Rejects and reaching out

Industry Development Officer Matt Weinert with New South Wales grower and Tweed BGA chair Colin Singh.

Industry Development Officer Matt Weinert explains how his new extension project will benefit subtropical banana growers. 

Matt Weinert wants to rifle through your reject bin. Yes, literally!

Banana Industry Development Officer with the NSW Department of Primary Industries (DPI), Mr Weinert is keen to get a better understanding of why growers are throwing out bananas as part of a new extension project, funded by the Hort Innovation banana fund—BA16007 Subtropical.

Through a reject and downgrade analysis of fruit, Mr Weinert aims to help growers reduce waste and improve the packout of premium fruit.

He said growers don’t always see what’s causing their fruit to be rejected, so he plans to look at bananas in reject bins and qualify the damage.

“Growers make the most money on premium fruit and improving premium packouts is one of the best ways to improve profitability. We will also look at fruit that have been ripened by regional wholesalers to find out if there is anything that is causing that fruit to be out of spec for the retailers,” he said.

This research is just one component of the new project covering the area from Bundaberg in Queensland to Macksville in New South Wales, as well as Carnarvon in Western Australia.

Valerie Shrubb from the Department of Primary Industries and Regional Development in WA and Annie von Blumenstein from the Sweeter Banana Co-operative will undertake the project work in Carnarvon.

Mr Weinert said, “It’s great to have Valerie and Annie involved in the work in Carnarvon, as it means we can cover off the whole Australian subtropical industry.”

“We also want to work with growers in south-east Queensland and Bundaberg as well.

“The second part of the project involves a young growers group similar to the NextGen group in North Queensland, but with subtropical growers. Ultimately we want to link the subtropical and tropical groups as well.

“The idea is just to get growers in the different subtropical producing regions talking to each other and sharing their issues and ideas. A bit like crowdsourcing, often growers are able to solve their own problems when they get together!”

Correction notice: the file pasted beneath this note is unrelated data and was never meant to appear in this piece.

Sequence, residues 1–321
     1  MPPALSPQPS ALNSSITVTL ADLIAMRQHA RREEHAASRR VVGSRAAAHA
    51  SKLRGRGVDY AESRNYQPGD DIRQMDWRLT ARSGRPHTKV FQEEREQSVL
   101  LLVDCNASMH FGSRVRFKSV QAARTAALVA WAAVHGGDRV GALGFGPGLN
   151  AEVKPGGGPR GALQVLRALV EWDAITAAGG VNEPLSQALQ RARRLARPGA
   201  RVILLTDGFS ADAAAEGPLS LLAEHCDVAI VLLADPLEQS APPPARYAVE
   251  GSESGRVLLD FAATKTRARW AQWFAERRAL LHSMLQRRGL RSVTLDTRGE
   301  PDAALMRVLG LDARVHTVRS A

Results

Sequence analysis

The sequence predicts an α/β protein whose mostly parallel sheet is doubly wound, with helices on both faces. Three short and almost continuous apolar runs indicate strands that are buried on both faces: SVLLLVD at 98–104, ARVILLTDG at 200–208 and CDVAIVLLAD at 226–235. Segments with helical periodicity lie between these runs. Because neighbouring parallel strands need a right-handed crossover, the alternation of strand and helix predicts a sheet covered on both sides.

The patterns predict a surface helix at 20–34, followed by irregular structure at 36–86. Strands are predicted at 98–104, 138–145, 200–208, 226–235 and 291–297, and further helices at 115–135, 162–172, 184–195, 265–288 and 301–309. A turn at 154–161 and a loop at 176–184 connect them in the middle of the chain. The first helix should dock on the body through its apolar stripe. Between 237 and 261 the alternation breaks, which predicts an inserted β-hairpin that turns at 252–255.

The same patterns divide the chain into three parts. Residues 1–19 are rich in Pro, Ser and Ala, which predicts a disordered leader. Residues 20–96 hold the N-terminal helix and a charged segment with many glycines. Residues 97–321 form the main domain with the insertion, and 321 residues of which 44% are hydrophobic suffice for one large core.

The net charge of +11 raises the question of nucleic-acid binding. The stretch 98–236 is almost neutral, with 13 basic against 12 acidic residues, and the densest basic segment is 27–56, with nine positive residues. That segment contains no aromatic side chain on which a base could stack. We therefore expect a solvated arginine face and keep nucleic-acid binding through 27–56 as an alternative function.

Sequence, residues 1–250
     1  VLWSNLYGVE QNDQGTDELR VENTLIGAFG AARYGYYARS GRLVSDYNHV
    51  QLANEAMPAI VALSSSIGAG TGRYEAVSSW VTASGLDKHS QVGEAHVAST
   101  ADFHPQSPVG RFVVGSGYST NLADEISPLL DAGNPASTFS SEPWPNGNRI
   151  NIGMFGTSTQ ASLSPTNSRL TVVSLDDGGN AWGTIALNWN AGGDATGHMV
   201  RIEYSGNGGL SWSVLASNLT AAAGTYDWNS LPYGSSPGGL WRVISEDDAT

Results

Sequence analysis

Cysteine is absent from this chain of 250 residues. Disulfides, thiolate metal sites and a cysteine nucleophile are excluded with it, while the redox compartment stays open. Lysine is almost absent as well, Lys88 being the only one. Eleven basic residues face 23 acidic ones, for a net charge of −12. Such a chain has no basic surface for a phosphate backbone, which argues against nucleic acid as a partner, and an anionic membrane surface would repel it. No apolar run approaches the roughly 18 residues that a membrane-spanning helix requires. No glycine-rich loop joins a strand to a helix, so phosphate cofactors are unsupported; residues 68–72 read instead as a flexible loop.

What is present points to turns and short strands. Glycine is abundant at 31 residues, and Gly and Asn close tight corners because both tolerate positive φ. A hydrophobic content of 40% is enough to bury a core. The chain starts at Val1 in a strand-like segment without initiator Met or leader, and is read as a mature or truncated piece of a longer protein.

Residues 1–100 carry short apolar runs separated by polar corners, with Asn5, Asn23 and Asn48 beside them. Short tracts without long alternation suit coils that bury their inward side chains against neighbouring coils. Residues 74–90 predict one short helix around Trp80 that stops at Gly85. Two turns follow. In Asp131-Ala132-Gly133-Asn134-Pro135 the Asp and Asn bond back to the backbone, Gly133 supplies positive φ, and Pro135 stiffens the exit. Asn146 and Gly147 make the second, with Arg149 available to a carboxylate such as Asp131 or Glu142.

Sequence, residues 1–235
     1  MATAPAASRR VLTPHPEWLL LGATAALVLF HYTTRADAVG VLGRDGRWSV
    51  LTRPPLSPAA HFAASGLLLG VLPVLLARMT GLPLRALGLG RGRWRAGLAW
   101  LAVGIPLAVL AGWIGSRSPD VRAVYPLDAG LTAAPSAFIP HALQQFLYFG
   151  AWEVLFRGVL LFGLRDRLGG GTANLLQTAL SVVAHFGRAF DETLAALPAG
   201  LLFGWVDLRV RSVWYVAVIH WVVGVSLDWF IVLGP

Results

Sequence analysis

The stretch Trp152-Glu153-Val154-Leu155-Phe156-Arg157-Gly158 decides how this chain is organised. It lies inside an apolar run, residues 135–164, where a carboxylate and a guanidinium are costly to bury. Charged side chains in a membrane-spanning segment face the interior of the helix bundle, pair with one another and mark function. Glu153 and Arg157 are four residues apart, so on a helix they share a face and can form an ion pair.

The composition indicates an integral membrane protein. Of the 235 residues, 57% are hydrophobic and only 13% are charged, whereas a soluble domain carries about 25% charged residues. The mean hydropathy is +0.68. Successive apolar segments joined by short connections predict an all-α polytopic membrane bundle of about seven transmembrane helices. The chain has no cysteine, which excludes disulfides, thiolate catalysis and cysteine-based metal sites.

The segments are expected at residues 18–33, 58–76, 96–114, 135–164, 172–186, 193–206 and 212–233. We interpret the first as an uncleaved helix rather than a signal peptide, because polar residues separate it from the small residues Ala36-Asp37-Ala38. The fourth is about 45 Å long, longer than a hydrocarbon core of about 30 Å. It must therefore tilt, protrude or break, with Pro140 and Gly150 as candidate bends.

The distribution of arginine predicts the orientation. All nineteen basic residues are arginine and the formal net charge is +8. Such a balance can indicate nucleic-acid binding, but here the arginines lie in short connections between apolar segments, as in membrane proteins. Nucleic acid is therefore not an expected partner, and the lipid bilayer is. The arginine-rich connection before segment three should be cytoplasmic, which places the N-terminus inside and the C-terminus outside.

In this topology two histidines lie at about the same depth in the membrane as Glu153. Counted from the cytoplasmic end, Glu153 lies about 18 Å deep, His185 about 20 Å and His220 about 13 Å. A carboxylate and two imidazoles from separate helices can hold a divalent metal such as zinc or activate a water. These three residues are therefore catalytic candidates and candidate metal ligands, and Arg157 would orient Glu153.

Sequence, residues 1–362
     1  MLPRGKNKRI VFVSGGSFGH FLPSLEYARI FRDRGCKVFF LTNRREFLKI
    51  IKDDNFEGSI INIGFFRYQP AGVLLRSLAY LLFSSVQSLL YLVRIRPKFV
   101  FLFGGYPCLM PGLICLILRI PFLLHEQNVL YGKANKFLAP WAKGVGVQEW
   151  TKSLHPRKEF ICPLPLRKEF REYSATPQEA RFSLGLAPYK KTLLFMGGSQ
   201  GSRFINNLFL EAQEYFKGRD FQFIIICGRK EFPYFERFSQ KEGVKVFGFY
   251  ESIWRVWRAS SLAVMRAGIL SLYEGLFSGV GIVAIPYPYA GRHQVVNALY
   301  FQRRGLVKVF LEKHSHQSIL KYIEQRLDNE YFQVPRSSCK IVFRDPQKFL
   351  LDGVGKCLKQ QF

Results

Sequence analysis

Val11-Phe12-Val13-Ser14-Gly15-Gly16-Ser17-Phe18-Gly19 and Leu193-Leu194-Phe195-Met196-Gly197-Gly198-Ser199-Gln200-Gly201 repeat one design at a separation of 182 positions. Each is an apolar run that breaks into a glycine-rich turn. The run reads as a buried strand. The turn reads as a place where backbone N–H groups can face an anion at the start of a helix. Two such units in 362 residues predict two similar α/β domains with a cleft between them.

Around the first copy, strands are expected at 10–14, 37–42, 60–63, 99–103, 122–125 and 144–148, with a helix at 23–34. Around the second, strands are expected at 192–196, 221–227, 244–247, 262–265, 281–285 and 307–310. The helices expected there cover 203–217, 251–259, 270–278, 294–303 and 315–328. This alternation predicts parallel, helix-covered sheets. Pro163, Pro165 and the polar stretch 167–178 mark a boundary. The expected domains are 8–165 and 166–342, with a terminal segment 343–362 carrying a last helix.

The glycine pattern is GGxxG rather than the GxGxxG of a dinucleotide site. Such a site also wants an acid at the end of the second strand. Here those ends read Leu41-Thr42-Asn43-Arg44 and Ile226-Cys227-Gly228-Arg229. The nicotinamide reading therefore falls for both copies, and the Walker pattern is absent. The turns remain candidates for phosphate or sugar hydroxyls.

Young growers are already connecting through social media in both the Tweed and Coffs Harbour areas, so Mr Weinert hopes to expand on those existing relationships.

“One thing I really enjoy doing in my job is connecting people and focusing enthusiasm,” he said.

“We want growers to drive it, but the idea would be to get the growers to meet each other, maybe visit packing sheds, even visit other industries. Once the group is operating we want the growers to drive the agenda.”

The project’s final component is a series of workshops, including one on nutrition.

“This would build on the previous workshops on this topic. We’re interested in rolling out some of the project work from the nutrition workshops to be run in North QLD under Reef Trust III funding as well,” said Mr Weinert.

“The idea would be to ask growers to bring leaf and soil analyses along to the workshop so we can work through the results to help them understand the role of the different fertilisers and hopefully help them determine how much to apply and when.”

A workshop focusing on nematodes is also proposed.

“Nematodes are a big issue in the subtropics. As part of the Improved Plant Protection for the Banana Industry project, we recently undertook some nematode soil analyses, with the QDAF nematologists in Brisbane and would like to share the findings at the workshops.”

Email for more information on BA16007 Subtropical.